16 December 2019 - 10:35
News ID: 448028
A
Turkish navy ships have intercepted an Israeli research vessel in Cypriot waters, over which Ankara claims jurisdiction, forcing it to leave the area in a move that could negatively impact an ambitious Israeli project to pipe natural gas to Europe.

RNA - Quoting unnamed senior Israeli officials, Israel’s channel 13 news reported Saturday that the rare incident occurred two weeks ago when Turkish vessels approached Bat Galim.

Turkish navy officers radioed the Israeli ship and demanded to know its business in the area, and then ordered it to leave. The Israeli vessel had no choice but to comply and depart, said the report.

According to the report, the Israeli ship was conducting research in coordination with Cypriot officials and the Cypriot government.

Over the past year, Turkey has sent military ships as well as drilling ships to search for crude oil in the waters.

Recently, tensions have risen between Turkey, Greece, and Cyprus regarding gas fields discovered in the eastern Mediterranean.

In an interview with Reuters in September, Turkish President Tayyip Erdogan accused Greek Cypriots of trying to deprive Northern Cyprus of its rights.

EU member Cyprus and Turkey have argued for years regarding the ownership of fossil fuels in the eastern Mediterranean, where Ankara says Turkish Cypriots are entitled to a share of the resources.

Tensions rose again last month when Turkey signed agreements with Libya on maritime boundaries and military cooperation in the Mediterranean.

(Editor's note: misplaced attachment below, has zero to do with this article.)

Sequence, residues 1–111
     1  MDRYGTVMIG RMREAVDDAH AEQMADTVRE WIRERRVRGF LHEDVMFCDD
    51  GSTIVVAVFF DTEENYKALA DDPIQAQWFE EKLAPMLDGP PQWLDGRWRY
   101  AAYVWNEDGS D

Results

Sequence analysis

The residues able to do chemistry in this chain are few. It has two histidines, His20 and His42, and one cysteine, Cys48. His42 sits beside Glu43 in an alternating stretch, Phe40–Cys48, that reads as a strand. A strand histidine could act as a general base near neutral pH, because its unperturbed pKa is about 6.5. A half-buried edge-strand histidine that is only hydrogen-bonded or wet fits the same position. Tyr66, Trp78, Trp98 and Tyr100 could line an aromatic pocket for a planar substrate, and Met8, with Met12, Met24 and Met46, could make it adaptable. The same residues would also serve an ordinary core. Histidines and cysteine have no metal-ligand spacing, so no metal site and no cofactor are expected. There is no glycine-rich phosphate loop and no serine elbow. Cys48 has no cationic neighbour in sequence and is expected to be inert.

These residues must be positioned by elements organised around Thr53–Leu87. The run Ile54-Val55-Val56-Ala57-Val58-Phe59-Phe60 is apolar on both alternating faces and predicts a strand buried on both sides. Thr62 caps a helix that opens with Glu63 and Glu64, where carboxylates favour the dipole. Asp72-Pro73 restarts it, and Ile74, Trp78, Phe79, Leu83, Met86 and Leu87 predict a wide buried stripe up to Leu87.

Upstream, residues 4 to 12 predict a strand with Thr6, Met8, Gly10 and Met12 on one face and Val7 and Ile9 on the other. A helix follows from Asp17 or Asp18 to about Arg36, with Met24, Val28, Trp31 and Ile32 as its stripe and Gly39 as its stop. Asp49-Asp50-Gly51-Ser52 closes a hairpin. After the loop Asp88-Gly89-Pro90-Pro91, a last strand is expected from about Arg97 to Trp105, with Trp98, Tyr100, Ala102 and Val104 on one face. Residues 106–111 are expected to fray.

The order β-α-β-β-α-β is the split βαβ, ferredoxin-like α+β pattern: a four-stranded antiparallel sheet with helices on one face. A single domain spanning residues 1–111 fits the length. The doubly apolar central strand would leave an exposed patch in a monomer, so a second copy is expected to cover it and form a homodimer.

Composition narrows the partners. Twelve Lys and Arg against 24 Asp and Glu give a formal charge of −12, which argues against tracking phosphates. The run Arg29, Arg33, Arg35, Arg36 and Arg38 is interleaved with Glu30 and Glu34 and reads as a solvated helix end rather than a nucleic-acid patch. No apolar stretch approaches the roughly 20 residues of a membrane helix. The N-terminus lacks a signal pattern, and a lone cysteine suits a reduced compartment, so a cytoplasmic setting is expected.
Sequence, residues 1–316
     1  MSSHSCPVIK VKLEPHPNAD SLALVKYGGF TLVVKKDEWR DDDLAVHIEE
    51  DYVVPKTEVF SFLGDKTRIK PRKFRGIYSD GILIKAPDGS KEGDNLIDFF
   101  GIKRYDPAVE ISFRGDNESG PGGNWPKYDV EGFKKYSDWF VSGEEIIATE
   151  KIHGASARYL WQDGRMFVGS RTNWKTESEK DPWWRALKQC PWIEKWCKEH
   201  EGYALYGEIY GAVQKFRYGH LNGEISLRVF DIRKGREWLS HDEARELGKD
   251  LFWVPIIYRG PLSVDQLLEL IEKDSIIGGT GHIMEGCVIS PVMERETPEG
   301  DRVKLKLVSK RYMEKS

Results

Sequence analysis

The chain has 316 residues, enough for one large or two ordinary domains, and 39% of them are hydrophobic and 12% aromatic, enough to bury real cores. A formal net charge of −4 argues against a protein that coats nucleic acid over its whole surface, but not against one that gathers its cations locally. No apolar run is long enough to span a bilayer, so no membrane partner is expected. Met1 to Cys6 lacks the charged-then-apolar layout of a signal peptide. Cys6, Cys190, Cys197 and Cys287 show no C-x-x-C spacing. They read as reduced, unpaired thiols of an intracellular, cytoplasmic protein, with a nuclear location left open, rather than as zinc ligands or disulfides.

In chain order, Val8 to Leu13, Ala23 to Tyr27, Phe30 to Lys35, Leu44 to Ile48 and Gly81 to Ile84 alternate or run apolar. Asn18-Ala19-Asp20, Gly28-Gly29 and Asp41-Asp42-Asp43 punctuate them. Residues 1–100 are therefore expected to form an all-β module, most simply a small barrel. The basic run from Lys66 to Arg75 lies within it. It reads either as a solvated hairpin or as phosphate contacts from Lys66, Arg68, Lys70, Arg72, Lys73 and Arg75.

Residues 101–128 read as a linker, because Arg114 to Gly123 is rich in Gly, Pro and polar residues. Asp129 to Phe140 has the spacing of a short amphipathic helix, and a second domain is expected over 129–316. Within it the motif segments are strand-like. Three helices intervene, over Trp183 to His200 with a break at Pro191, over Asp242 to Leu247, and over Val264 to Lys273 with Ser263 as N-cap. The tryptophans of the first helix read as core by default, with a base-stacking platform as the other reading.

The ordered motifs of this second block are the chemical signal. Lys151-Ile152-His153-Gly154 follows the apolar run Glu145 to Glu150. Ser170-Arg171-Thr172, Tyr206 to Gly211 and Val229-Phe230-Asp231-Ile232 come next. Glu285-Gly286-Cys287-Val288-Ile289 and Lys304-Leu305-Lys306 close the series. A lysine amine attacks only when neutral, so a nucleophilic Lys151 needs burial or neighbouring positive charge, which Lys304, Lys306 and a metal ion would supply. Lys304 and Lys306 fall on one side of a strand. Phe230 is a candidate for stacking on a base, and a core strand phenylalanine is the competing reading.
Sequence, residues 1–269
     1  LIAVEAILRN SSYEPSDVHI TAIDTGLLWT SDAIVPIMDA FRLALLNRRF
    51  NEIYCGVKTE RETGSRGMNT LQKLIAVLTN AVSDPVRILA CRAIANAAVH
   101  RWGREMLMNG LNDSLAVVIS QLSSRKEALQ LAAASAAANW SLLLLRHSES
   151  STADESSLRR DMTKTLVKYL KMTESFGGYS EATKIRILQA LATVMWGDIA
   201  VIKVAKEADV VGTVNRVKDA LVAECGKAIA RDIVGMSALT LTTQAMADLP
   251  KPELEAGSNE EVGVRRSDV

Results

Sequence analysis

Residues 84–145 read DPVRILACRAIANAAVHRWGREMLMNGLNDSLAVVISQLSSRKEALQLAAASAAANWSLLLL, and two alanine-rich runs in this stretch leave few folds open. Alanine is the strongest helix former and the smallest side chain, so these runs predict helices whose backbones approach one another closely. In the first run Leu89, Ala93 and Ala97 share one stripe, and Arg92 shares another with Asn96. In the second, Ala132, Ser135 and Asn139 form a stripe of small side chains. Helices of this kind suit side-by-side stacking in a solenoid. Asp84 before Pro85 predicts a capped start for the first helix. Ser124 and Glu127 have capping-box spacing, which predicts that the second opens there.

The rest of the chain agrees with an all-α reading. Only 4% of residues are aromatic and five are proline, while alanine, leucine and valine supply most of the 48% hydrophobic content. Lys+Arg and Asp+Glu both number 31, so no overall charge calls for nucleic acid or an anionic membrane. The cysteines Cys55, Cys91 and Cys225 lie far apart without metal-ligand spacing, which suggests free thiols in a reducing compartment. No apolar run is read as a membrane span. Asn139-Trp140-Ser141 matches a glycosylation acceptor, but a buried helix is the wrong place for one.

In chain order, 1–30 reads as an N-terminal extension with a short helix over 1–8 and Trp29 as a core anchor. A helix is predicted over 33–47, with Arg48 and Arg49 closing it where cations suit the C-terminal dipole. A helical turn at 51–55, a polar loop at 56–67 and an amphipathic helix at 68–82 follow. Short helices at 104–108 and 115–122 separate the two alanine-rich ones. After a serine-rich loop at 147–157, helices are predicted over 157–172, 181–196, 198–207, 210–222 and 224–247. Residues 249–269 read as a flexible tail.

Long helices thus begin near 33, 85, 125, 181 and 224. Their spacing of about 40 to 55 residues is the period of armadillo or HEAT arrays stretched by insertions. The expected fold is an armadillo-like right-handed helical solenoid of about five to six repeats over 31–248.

Erdogan said the maritime deal with Libya — which maps out a boundary between the two countries in the energy-rich eastern Mediterranean close to the Greek island of Crete — was in line with international law.

Israel's Channel 13 said tensions could negatively affect an Israeli project to pipe natural gas to Europe. The pipeline is set to pass through Cyprus and Greece’s territorial waters.

According to the report, an Israeli embassy official in Ankara was summoned last week to be warned that the pipeline would require Turkey’s approval since it has to pass through Turkey's economic waters.

“The Turks are trying to establish themselves as the ones running the show, and that is very worrying,” an Israeli official told Channel 13.

Turkey, which does not have diplomatic ties with the Greek Cyprus, has vowed to prevent what it sees as a unilateral move by Greek Cypriots to claim offshore resources. It says some areas of Cyprus’s offshore maritime zone fall under what Ankara calls the territory of the Turkish Cyprus.

The island has been divided into Turkish Cypriot-controlled northern and Greek Cypriot-controlled southern territories since a brief war in 1974, which saw Turkey intervene militarily in response to a Greek-backed military coup on the island to annex Cyprus to Greece.

Greek Cypriots run the island’s government in the south, while Turkish Cypriots have a breakaway state in the north and say offshore resources belong to them, too.

Israel has signed a multilateral deal for the Eastern Mediterranean Pipeline Project with Greece, Italy and Cyprus. The European Union also supports the project.

Israel is already locked in a bitter dispute with Lebanon over tapping Mediterranean energy resources.

Last February, Israel described as “very provocative” a Lebanese tender for projects in two of the Arab country's 10 offshore blocks in the Mediterranean Sea.

Israel itself has long been developing a number of disputed offshore gas deposits in the Mediterranean Sea, with the Tamar gas field with proven reserves of 200 billion cubic meters already producing gas, while the larger Leviathan field is expected to go online in the coming months.

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